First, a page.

What is it about British music magazines that's so appealing? This old Salon article really nails it down. Where American magazines want to promote, hype and bedazzle the reader into a drooling, submissive state, the Brits want to flatter you and your eccentricities. Plus, they're not afraid to be goofy. Daft, even.
A highlight of this particular issue is their "100 Coolest Movie Soundtracks" list. Most of their selections date from 1967-73, which automatically makes it infinitely cooler than Entertainment Weekly's pathetic stab at the same thing from last year. It's about time somebody recognized the aural genius of Beyond the Valley of the Dolls.
The edible portion of my lunch was good, too: melted cheese and beans on indian fry bread. Yum.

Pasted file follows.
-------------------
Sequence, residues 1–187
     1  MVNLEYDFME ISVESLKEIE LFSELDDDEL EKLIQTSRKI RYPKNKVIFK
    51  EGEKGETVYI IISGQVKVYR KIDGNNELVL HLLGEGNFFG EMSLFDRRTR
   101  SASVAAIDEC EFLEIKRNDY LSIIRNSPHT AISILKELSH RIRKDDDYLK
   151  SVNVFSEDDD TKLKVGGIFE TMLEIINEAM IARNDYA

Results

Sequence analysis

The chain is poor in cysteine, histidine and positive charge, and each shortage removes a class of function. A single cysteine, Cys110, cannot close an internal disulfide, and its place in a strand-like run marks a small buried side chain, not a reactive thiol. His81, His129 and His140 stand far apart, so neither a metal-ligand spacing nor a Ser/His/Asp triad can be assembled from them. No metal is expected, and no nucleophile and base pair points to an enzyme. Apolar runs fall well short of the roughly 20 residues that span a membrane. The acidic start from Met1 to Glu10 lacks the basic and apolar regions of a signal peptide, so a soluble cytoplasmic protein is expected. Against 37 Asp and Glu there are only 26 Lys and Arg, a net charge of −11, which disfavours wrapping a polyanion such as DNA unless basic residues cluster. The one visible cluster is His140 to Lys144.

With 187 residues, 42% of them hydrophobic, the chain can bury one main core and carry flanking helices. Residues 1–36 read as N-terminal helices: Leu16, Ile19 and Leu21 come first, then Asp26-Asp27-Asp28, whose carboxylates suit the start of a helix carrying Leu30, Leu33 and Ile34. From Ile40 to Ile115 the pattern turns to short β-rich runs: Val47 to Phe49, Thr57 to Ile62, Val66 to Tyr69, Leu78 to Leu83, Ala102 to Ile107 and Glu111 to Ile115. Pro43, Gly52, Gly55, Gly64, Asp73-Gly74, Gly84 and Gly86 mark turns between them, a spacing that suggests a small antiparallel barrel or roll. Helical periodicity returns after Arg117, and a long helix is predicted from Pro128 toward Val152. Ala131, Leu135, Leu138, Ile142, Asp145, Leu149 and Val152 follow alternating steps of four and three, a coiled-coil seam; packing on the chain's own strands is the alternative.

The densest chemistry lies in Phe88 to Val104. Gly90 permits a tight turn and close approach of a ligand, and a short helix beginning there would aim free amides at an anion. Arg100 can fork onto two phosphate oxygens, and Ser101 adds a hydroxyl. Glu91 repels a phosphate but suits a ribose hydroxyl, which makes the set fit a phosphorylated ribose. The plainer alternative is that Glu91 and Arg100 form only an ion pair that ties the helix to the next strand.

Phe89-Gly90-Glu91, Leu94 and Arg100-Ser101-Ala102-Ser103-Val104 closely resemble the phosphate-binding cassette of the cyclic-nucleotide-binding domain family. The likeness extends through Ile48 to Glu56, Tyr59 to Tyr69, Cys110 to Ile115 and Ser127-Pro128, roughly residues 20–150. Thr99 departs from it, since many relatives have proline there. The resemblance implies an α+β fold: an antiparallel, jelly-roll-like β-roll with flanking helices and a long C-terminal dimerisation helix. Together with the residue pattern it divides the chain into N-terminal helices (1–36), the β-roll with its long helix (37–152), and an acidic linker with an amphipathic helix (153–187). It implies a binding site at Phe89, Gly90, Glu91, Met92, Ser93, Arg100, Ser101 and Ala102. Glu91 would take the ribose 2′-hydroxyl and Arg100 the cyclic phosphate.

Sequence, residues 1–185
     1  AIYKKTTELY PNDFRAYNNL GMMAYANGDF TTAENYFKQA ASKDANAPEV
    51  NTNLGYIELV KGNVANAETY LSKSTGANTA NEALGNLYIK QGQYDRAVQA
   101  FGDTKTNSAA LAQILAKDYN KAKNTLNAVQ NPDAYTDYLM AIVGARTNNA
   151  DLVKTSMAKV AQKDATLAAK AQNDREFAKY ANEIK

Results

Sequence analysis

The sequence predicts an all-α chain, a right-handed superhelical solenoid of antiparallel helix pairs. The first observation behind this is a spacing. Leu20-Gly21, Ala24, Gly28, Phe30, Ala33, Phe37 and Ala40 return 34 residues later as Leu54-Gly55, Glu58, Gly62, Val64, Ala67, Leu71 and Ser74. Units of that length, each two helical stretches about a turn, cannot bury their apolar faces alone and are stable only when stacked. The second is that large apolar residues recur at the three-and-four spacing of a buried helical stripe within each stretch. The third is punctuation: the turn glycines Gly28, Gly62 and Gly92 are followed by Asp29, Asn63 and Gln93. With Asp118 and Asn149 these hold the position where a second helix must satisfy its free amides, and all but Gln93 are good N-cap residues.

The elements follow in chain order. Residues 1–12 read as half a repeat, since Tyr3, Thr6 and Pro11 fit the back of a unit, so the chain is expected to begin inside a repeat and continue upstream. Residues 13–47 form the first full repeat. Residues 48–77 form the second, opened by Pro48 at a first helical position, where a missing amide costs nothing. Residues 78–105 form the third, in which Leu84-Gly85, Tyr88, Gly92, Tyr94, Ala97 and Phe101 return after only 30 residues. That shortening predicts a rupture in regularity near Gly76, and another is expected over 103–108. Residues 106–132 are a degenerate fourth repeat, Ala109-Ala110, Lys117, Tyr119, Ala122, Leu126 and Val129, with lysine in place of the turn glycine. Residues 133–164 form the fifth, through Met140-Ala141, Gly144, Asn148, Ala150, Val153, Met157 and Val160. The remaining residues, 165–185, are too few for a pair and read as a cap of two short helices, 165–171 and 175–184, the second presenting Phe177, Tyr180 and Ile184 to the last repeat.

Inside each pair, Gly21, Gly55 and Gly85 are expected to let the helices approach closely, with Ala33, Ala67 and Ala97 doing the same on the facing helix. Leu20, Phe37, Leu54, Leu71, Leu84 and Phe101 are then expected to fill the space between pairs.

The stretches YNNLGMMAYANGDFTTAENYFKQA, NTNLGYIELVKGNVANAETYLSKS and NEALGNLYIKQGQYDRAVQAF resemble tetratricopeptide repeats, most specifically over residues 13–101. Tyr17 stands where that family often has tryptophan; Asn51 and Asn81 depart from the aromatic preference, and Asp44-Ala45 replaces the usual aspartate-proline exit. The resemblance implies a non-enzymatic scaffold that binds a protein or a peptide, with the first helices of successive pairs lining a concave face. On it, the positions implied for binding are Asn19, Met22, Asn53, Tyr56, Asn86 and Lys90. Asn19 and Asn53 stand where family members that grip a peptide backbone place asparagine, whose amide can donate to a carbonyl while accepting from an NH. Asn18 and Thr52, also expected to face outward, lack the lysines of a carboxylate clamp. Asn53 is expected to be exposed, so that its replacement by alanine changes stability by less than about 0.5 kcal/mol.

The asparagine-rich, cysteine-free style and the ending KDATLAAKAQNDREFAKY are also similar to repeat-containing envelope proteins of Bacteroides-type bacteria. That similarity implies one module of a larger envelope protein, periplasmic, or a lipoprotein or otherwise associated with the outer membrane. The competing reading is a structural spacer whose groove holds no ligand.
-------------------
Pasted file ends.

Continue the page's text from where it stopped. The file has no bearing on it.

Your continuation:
Monday, June 03, 2002
Freakin' hilarious: Ads from Early '80s Biker Magazines. Thanks to Sharpeworld for unearthing these gems from a time when feathered roach clips were a hot fashion accessory. Warning: some nudity, excessive tackiness.

1930s views of New York City, courtesy of photographer Berenice Abbott. Her scenes of skylines, storefronts and endless streets are very evocative. Via Travelers Diagram.

Look, Christopher -- Bad Scrabble Hands! We know all about this stuff. Getting three or more "I"s on a rack sure is a bitch. Via iconomy.

Sunday, June 02, 2002
"Max Martin started his career as a singer, then as Martin White, in a heavy-metal band called Its Alive." A bio and discography of the enigmatic Swede. Via the other Max.

Meet the Bugs of Cricket magazine. I'm surprised that many of the same critters from twenty plus years ago are still there. George and Tail were my faves. Did anybody else read Cricket?

Cory Doctorow on the value of bl*gging - good points on blogkeeping as a sort of indexing system for the brain. Now I want a Tivo even more.